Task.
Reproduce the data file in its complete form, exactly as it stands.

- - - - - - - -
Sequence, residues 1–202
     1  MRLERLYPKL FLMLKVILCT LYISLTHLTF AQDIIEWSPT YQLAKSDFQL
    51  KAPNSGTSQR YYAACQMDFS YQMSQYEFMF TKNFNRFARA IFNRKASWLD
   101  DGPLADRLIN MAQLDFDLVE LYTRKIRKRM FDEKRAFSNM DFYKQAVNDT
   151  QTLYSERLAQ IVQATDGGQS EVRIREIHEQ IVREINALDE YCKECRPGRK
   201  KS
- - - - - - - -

Sequence, residues 1–202
     1  MRLERLYPKL FLMLKVILCT LYISLTHLTF AQDIIEWSPT YQLAKSDFQL
    51  KAPNSGTSQR YYAACQMDFS YQMSQYEFMF TKNFNRFARA IFNRKASWLD
   101  DGPLADRLIN MAQLDFDLVE LYTRKIRKRM FDEKRAFSNM DFYKQAVNDT
   151  QTLYSERLAQ IVQATDGGQS EVRIREIHEQ IVREINALDE YCKECRPGRK
   201  KS